Umit Inatci’s body of work is governed by a strong symbolism, which alludes to archetypal forms. Beyond any socio-political circumstances or situations and against any kind of power, the artist invents his own alphabet of signs, which serves as a personal language, having its own codes and accessible only after an initiation. In the installation Memory and Presence, the artist writes on a blackboard using white colour these exact personal symbols, which allude to an ancient undeciphered script. He combines them with other symbols in blue and red colour, like arrows, cross-shaped figures or vestigial geometrical forms.


Besides any references to the history of art and the use of a black background – from Kazimir Malevich to Ad Reinhard – it seems that in Umit Inatci’s work the basic insinuation is made on the blackboard, on the black board on which the pupils used to learn how to write before the introduction of copybooks and long before the boards were painted green. Malevich’s pure clarity and the spiritual element or the absolute void beyond Ad Reinhard’s mystified allusions are not characteristics of Umit Inatci’s art, which is rife of symbols and references to the relationship between past and present. The blackness of the board expresses the basis of the primordial chaos out of which emerged the first instances of articulation, and writing of a potentially understandable speech. The cryptographic personal symbols of the artist allow him to ‘hide’, to get away from legible symbols or everyday problems, to indulge more in ancient and panhuman socio-political and philosophical questions. Thus, he creates a secret language within the language itself, which functions as an escape from a reality that hurts.


The installation is completed with a small table on which the artist writes signs of his personal alphabet on a white background. The three-dimensional still life is completed with the skull of a native Cypriot ram as a sacrificial animal, and a ball made up of white stout leather bands with many knots. Knots are representing a momentum of cosmic coincidence. At the four legs of the table the artist has tied unprocessed branches of wood. Besides an initial surprise the viewer may feel towards this weirdcomposition of materials, which has nothing to do with the artist’s aesthetic intentions and which would, in some ways allude to materials of Arte Povera, the whole installation of Umit Inatci takes a special form. Because, in essence, this is a kind of an improvised ‘magic graft’, which the artist uses with the utopian desire to give back to the wood its former natural life, abolishing in this way the contrast between nature and culture. The dry branches of wood serve as intermediate, improvised instruments of a magical function. Consciously, the artist talks about a kind of shaman (animist) intention, which characterises his creative process and comes in contrast with a more rationalistic classification one can see in other of his works, like, for instance, in those with the dividing vertical and horizontal lines, which resemble a chess board. One could say that Umit Inatci introduces disorder to Piet Mondrian’s “grille/grid” and re-interprets that of Paul Klee.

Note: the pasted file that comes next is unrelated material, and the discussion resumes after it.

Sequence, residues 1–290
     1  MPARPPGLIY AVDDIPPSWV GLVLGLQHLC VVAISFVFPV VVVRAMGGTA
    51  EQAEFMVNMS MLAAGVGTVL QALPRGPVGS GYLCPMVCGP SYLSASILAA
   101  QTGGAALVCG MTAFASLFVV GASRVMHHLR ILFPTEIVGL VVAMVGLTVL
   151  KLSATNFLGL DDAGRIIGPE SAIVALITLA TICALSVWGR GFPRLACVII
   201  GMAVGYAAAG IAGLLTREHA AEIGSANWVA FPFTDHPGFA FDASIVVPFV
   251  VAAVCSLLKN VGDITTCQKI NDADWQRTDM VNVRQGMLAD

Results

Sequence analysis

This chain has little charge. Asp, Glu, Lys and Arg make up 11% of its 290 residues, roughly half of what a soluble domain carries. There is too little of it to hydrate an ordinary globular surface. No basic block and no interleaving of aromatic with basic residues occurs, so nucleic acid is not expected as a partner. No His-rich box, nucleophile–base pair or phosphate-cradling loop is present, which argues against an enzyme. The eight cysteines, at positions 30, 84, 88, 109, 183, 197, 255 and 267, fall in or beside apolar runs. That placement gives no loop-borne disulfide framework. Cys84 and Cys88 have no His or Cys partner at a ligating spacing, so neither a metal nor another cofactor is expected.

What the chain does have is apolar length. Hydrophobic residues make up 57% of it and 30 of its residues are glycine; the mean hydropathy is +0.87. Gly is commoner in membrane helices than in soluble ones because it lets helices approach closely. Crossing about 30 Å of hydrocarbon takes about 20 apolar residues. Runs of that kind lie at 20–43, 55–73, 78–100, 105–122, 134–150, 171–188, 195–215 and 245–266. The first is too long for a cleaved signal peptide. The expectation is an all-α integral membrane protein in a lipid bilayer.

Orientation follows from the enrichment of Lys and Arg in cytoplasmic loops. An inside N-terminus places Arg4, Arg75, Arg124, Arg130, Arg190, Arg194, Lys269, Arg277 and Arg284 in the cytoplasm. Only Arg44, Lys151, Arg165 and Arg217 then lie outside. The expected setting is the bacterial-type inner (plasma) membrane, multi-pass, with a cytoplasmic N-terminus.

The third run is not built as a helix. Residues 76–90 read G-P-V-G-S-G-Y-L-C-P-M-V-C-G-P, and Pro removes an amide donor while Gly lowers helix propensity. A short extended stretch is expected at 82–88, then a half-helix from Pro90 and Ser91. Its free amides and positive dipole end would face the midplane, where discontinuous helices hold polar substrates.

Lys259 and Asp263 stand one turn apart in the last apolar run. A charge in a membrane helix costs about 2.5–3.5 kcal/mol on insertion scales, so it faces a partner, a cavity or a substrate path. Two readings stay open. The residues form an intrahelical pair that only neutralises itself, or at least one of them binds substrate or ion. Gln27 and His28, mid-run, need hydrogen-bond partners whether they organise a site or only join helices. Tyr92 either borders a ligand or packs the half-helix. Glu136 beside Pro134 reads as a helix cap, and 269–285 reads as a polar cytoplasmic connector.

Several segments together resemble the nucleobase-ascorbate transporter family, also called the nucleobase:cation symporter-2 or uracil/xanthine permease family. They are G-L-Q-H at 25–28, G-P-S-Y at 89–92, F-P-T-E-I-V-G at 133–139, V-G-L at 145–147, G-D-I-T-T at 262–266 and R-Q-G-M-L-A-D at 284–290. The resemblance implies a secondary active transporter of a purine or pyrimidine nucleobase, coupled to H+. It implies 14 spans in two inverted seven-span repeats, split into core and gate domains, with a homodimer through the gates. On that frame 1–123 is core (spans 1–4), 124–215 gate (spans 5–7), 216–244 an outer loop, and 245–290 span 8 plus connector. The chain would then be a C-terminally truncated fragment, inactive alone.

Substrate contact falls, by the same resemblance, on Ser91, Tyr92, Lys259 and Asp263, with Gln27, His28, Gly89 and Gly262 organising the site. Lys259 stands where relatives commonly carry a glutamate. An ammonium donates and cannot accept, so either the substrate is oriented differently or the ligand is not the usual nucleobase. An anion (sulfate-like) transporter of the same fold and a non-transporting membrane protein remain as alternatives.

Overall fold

The classification, the filling of the pictorial surface to the point of saturation offers a kind of security to the feeling of insecurity that may be created by the void. If, as Aldo Iori states, “the grid becomes increasingly an organising element in the equilibrium of the pictorial page and within it there is gradually composed a sort of a map of territory that inclines towards the upper horizon,”(1) we could say that Umit Inatçi creates a kind of ‘territoire mental’, which allows him to get out of himself and to function in two contrasting, in the eyes of the Western world, courses: “Umit – philosopher, pacifist, political activist, logician. Umit: witch, doctor, shaman, spiritualist, magician.”(2) It is these strong contrasts that govern the whole installation: the tangible and the abstract, the black and the white, the absolutely smooth surface of the table and the unprocessed wood of the branches, the primitive and the modern, nature and culture, life and death.


1. Aldo Iori, Signs-Yazilar ‘The recent painting of Ümit Inatçi’, Danilo Montanari Editore, Italy, page 12, 1997.

2. Dimis Michaelides, ‘The Magic and Logic of Ümit Inatçi’ (text for artist new monograph), 2011.

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